Language, Truth And Logic
The surest way to end most traditional disputes of philosophers is to establish the purpose and method of a philosophical inquiry. Language, truth and logic is a philosophical work by Alfred Jules Ayer, which brings out some of the ideas of the logical empiricists to the attention of the English-speakers. This book explains how the principle of verifiability can be applied to philosophical problems. The verification principle of logical positivism, is also referred to as the criterion of significance or criterion of meaning.
Here, analytic statements that are nessasariliy true by definition under any condition and whose validity is not tested by empirical methods are considered as tautologies. Logical and mathematical statements are tautologies where the meanings can be repeated using different words or symbols. On the other hand, empirical propositions are those which deny something about the real world and the validity is established not merely by the definition of the words or symbols they contain, but by its empirical verifiability. Only meaningful statements that are verified under certain conditions can be expressed as propositions. Strong verification is not a possibility for any empirical proposition, since the validity of the proposition depends on further experience, while, weak (probable) verification is possible for any empirical proposition. Propositions for which there are no practical means of verification may still be considered meaningful if they can be verified theoretically. Literal statements are those that can be verified either by analytical or empirical means, whereas, factual statements are meaningful without being analytic. Thus, statements that have factual meaning make assertions about the empirical world.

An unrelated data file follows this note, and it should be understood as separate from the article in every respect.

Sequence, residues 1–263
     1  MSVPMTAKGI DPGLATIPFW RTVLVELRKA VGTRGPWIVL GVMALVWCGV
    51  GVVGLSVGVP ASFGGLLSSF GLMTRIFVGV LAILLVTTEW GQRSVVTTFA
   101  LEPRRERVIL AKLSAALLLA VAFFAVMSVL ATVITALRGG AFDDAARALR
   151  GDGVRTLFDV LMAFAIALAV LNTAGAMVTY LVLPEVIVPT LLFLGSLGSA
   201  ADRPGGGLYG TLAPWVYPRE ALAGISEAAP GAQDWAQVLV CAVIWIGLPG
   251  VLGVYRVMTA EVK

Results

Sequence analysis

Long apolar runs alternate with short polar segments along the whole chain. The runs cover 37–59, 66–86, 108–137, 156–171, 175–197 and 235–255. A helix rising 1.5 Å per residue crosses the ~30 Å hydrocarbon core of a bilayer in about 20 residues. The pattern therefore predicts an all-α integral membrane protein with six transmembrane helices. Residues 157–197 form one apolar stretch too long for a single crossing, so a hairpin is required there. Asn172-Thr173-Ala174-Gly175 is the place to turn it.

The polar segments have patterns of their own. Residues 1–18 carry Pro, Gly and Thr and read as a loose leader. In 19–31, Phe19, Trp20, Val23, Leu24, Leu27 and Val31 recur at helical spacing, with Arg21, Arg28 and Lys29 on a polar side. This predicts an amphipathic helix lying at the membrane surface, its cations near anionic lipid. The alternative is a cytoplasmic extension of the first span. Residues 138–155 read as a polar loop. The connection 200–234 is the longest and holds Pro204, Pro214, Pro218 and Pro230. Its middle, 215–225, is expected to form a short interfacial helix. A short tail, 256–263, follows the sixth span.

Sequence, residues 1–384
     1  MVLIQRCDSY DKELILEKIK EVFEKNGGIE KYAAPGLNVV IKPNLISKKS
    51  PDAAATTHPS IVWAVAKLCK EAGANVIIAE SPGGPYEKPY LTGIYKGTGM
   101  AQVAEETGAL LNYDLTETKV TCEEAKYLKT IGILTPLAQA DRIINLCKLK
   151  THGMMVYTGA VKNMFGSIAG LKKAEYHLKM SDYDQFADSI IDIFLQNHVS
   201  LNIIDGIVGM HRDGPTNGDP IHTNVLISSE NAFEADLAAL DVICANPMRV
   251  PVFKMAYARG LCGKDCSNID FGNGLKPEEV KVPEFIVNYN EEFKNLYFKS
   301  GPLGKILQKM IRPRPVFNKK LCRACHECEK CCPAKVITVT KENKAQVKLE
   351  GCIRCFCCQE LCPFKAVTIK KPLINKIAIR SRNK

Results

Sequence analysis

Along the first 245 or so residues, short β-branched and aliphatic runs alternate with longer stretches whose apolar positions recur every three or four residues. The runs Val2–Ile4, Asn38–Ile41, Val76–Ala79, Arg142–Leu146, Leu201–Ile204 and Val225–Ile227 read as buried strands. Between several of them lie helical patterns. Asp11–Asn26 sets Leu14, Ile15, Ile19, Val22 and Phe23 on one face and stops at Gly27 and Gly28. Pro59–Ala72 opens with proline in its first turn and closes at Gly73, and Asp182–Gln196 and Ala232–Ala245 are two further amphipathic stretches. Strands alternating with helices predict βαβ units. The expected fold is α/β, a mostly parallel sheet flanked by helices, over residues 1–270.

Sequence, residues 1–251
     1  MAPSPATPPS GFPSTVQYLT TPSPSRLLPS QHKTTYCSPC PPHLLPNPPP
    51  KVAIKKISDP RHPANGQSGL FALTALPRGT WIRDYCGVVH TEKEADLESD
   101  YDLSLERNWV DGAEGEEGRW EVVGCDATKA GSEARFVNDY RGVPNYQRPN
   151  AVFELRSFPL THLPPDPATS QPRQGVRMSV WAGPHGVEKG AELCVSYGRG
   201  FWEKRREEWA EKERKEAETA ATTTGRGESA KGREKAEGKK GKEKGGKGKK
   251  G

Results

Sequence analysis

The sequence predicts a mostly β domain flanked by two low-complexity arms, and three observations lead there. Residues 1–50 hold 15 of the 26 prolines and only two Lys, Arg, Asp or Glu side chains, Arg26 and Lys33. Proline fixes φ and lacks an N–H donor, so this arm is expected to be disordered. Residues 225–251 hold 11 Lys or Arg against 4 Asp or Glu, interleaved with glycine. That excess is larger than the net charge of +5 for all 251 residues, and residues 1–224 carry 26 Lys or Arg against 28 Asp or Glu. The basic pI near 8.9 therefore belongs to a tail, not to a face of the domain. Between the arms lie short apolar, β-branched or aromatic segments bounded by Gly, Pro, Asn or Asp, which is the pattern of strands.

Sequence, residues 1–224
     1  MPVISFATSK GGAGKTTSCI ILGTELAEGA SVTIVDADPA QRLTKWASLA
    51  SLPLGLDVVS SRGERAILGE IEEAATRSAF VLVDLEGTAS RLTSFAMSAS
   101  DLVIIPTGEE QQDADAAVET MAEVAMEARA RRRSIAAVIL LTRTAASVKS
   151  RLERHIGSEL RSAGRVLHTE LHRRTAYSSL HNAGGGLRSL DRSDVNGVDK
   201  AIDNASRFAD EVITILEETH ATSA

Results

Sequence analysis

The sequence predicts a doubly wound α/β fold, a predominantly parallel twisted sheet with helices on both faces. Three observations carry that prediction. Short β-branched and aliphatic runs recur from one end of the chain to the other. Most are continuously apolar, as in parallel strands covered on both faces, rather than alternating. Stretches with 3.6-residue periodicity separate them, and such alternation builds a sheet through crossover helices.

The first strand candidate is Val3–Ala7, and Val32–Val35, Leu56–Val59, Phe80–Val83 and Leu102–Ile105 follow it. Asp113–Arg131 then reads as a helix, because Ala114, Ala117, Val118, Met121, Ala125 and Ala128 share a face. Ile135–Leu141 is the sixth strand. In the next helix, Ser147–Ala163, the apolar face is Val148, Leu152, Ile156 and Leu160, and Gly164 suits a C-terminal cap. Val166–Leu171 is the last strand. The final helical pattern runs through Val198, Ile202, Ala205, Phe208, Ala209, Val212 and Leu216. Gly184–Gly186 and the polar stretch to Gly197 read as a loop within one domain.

Philosphers criticizing this metaphysical thesis consider that philosophical statements referring to a reality transcending the limits of all possible sense experience cannot possibly have any literal significance. Kant explained that the constituted human understanding was lost in contradictions when it ventured out beyond the limits of possible experience and tried to deal with things by themselves.
We can conclude that a sentence is factually significant to any person, only if knows how to verify the proposition which it expresses. He ought to know the observations that would clearly accept or reject the proposition, under certain conditions. If the proposition is such that the assumption of its truth, or falsehood, is consistent, with any assumption, inspite of his future experience, is considered emotionally significant but not literally significant. Ayer’s logical empiricism considers philosophy as an activity of defining and clarifying the logical relationships of empirical propositions.